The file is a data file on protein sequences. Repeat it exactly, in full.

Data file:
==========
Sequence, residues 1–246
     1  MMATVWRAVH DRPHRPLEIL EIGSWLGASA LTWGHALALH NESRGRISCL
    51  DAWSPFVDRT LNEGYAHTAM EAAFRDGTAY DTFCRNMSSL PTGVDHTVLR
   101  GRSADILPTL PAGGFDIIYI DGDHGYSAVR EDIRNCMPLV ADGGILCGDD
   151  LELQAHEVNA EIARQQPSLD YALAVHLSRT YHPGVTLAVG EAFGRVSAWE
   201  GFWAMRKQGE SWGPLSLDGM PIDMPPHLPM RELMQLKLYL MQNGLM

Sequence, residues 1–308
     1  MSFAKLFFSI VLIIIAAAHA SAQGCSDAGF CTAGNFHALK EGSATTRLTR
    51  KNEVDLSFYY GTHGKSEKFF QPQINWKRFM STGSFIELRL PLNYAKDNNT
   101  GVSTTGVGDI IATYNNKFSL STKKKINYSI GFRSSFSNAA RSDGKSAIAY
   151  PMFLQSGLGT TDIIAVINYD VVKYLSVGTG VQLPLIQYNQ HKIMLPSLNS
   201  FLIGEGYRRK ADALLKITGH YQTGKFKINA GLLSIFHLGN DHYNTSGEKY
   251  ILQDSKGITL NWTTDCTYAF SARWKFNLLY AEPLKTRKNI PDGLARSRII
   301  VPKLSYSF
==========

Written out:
Sequence, residues 1–246
     1  MMATVWRAVH DRPHRPLEIL EIGSWLGASA LTWGHALALH NESRGRISCL
    51  DAWSPFVDRT LNEGYAHTAM EAAFRDGTAY DTFCRNMSSL PTGVDHTVLR
   101  GRSADILPTL PAGGFDIIYI DGDHGYSAVR EDIRNCMPLV ADGGILCGDD
   151  LELQAHEVNA EIARQQPSLD YALAVHLSRT YHPGVTLAVG EAFGRVSAWE
   201  GFWAMRKQGE SWGPLSLDGM PIDMPPHLPM RELMQLKLYL MQNGLM

Sequence, residues 1–308
     1  MSFAKLFFSI VLIIIAAAHA SAQGCSDAGF CTAGNFHALK EGSATTRLTR
    51  KNEVDLSFYY GTHGKSEKFF QPQINWKRFM STGSFIELRL PLNYAKDNNT
   101  GVSTTGVGDI IATYNNKFSL STKKKINYSI GFRSSFSNAA RSDGKSAIAY
   151  PMFLQSGLGT TDIIAVINYD VVKYLSVGTG VQLPLIQYNQ HKIMLPSLNS
   201  FLIGEGYRRK ADALLKITGH YQTGKFKINA GLLSIFHLGN DHYNTSGEKY
   251  ILQDSKGITL NWTTDCTYAF SARWKFNLLY AEPLKTRKNI PDGLARSRII
   301  VPKLSYSF